Even more importantly, though, is that this is the same “something” that I have in reserve for a time in life when I will think it impossible to go on.

Successful people don’t face things alone. When the going gets tough, the teams keep going.

High School Hannah resting on one of my most important teammates- mom.

(Randomly Slightly Related) Excerpt from “The Boys in the Boat”

“Pocock said that the rings told more than a tree’s age; they told the whole story of the tree’s life. Their thickness and their thinness spoke of hard years and bitter struggle intermingling with rich years of sudden growth… Flaws and irregularities told how the trees endured fires and lightning strikes and windstorms and infestations and yet continued to grow.

“It wasn’t just what the Englishman was saying, or the soft, earthy cadence of his voice, it was the calm reverence with which he talked about the wood—as if there was something holy and sacred about it—that drew Joe in. The wood, Pocock murmured, taught us about survival, about overcoming difficulty, about prevailing over adversity, but it also taught us something about the underlying reason for surviving in the first place: something about infinite beauty, about undying grace, about things larger and greater than ourselves.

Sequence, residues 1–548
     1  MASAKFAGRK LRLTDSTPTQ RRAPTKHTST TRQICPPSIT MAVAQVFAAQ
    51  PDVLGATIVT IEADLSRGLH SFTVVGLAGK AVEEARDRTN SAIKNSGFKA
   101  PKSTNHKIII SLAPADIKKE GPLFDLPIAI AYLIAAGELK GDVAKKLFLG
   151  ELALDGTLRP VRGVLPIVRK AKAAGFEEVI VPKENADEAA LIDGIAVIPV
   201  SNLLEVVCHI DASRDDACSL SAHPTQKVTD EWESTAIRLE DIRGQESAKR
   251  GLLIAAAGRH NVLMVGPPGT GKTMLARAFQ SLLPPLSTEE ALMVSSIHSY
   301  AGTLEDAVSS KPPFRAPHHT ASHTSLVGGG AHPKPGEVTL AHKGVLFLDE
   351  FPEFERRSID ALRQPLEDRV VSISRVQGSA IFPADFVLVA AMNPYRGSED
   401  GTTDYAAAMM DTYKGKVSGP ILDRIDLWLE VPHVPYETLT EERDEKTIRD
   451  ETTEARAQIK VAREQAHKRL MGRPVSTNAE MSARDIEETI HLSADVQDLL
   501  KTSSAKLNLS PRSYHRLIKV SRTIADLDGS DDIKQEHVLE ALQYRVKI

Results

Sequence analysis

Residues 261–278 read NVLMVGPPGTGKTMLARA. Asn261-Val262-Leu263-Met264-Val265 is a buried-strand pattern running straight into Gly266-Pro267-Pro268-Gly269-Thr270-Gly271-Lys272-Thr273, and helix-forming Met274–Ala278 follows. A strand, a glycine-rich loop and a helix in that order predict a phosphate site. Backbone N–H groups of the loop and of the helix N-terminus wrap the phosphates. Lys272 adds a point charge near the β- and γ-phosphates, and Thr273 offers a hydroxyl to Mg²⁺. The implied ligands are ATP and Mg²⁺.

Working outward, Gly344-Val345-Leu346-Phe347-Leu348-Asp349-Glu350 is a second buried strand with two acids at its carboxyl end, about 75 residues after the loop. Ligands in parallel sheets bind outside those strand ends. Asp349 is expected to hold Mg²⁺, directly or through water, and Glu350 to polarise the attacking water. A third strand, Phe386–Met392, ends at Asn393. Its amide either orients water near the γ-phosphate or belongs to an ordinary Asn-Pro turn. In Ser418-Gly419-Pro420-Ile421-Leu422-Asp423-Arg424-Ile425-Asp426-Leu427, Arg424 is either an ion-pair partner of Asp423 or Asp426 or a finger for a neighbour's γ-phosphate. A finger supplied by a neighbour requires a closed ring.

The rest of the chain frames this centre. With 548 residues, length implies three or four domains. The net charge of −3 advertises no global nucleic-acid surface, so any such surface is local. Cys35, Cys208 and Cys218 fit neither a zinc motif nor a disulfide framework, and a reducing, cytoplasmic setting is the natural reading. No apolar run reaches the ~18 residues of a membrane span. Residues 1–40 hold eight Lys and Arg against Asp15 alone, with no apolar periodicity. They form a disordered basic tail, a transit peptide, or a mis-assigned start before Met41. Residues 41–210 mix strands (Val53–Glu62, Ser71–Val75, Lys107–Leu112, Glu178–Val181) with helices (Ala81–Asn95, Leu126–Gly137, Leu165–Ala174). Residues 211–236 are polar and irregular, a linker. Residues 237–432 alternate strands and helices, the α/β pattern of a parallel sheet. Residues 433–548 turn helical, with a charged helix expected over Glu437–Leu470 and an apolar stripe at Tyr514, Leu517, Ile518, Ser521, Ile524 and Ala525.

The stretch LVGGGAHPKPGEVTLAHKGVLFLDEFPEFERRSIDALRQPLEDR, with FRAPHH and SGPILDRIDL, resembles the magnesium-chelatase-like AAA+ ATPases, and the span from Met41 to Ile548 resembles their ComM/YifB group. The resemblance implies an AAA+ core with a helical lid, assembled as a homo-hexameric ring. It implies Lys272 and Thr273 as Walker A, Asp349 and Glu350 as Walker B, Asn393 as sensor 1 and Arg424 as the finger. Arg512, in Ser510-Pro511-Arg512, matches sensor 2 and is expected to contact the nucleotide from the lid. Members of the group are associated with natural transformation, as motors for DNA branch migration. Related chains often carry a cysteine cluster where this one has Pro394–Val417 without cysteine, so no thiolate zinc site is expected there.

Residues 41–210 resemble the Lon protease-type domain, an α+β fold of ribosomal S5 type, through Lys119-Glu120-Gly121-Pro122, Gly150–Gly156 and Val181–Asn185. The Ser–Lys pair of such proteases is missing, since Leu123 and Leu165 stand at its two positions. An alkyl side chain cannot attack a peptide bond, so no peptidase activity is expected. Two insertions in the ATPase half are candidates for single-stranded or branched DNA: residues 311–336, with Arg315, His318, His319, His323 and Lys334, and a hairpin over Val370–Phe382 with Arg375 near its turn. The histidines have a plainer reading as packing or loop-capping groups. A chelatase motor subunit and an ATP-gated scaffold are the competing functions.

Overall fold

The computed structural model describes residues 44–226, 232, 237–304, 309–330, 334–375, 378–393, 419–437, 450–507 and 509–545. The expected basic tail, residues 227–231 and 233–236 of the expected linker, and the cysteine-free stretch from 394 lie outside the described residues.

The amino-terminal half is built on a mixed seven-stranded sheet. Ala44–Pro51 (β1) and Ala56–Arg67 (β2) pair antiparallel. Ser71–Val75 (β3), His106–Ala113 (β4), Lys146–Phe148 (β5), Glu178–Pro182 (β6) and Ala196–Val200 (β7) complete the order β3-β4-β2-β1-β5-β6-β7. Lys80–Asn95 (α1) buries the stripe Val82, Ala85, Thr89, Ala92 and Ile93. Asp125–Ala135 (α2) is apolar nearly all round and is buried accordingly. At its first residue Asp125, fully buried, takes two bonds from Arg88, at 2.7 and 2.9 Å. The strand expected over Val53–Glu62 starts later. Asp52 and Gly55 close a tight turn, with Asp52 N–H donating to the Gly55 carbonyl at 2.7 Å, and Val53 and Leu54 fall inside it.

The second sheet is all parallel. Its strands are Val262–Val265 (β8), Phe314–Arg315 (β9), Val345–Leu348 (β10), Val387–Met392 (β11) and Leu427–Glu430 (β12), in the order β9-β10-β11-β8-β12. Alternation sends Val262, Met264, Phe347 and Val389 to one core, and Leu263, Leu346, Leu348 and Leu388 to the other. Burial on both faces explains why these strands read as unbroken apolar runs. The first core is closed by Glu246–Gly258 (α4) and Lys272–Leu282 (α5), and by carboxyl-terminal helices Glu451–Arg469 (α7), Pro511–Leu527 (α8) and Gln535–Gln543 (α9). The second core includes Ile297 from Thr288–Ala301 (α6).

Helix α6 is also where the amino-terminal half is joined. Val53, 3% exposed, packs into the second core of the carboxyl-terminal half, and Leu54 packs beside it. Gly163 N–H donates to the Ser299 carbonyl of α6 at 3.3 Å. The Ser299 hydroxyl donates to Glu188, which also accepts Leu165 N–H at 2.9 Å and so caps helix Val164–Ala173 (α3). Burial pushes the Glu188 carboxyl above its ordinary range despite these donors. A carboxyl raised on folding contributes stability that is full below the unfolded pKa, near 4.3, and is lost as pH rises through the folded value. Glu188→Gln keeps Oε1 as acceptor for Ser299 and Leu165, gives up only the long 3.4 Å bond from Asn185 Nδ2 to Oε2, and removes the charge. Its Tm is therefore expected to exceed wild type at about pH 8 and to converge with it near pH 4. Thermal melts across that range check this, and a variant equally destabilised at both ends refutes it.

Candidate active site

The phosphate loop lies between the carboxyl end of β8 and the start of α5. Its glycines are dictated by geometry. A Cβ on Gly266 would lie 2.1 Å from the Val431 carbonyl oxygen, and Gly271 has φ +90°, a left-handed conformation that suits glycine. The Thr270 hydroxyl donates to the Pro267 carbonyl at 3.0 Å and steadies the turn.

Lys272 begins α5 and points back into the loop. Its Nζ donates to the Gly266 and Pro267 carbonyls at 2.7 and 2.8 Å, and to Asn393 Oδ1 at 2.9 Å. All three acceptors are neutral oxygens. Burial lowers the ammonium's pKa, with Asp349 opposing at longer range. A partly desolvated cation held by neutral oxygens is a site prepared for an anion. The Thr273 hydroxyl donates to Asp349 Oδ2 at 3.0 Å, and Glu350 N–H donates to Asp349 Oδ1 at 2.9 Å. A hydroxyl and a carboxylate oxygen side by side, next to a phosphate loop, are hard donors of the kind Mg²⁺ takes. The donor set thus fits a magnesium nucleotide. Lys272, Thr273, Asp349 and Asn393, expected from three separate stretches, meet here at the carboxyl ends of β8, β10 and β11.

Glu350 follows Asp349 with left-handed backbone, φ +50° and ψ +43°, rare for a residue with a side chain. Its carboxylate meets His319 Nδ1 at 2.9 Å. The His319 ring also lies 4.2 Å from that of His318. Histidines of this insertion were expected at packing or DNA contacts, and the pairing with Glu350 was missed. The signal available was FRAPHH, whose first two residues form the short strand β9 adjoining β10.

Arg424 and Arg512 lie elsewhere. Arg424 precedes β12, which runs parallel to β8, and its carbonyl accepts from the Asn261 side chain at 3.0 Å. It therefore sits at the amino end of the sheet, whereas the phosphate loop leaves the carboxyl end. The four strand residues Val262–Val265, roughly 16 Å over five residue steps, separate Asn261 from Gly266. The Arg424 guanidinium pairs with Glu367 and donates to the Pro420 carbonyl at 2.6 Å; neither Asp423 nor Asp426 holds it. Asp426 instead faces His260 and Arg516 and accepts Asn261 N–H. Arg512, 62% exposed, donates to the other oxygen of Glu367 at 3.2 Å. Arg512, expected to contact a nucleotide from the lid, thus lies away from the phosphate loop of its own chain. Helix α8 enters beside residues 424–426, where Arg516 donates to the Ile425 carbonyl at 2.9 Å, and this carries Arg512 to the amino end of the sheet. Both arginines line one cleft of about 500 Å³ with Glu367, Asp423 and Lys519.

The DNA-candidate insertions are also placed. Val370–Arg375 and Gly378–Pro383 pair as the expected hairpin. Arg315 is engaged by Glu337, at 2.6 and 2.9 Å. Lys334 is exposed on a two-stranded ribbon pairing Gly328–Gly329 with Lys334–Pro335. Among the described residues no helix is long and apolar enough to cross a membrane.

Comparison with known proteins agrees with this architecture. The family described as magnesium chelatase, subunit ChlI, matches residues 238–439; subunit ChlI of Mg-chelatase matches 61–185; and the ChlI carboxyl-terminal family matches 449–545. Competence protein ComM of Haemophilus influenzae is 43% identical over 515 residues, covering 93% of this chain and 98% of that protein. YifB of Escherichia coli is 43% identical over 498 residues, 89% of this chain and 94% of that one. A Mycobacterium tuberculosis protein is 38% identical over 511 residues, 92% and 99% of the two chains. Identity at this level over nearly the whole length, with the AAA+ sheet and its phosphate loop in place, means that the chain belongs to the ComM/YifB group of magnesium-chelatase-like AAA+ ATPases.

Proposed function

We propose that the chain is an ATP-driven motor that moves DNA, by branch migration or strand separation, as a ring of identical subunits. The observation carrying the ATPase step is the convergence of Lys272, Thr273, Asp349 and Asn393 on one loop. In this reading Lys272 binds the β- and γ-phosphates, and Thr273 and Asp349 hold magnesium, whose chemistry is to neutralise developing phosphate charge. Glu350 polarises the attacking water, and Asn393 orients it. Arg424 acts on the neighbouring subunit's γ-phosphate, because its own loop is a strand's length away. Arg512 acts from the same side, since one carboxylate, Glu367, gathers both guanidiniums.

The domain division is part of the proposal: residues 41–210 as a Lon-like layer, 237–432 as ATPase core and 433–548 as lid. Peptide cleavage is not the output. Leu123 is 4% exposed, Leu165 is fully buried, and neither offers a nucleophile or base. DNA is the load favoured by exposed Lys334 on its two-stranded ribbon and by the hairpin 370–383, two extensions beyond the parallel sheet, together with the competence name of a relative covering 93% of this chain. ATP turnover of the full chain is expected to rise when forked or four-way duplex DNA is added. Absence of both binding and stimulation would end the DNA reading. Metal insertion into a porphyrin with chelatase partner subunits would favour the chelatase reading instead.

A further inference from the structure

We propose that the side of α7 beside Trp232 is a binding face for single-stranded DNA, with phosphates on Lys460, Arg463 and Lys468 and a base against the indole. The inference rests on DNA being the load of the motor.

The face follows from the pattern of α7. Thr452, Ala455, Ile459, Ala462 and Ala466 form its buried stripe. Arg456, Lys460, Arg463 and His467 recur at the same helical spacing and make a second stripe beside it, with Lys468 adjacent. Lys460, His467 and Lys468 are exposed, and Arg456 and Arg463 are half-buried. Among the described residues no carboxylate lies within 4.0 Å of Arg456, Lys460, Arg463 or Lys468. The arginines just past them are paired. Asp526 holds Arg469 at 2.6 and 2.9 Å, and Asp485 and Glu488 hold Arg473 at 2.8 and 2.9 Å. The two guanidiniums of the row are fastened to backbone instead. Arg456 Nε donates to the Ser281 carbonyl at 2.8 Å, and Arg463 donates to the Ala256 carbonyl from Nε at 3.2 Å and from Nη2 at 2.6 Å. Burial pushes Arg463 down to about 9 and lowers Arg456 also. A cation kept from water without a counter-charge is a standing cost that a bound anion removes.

“…He talked about the underlying strength of the individual fibers in cedar and how, coupled with their resilience, they gave the wood its ability to bounce back and resume its shape, whole and intact, or how, under steam and pressure, they could take a new form and hold it forever. The ability to yield, to bend, to give way, to accommodate, he said, was sometimes a source of strength in men as well as in wood, so long as it was helmed by inner resolve and by principle.”

“I wasn’t enough to master the technical details of [boat making]. You had to give yourself up to it spiritually; you had to surrender yourself absolutely to it. When you were done and walked away from the boat, you had to feel that you left a piece of yourself behind in it forever, a bit of your heart… Rowing is like that. And a lot of life is like that too, the parts that really matter anyway.”


One thought on “What Algebra Doesn’t Teach You

Leave a Reply

Fill in your details below or click an icon to log in:

WordPress.com Logo

You are commenting using your WordPress.com account. Log Out /  Change )

Google+ photo

You are commenting using your Google+ account. Log Out /  Change )

Twitter picture

You are commenting using your Twitter account. Log Out /  Change )

Facebook photo

You are commenting using your Facebook account. Log Out /  Change )


Connecting to %s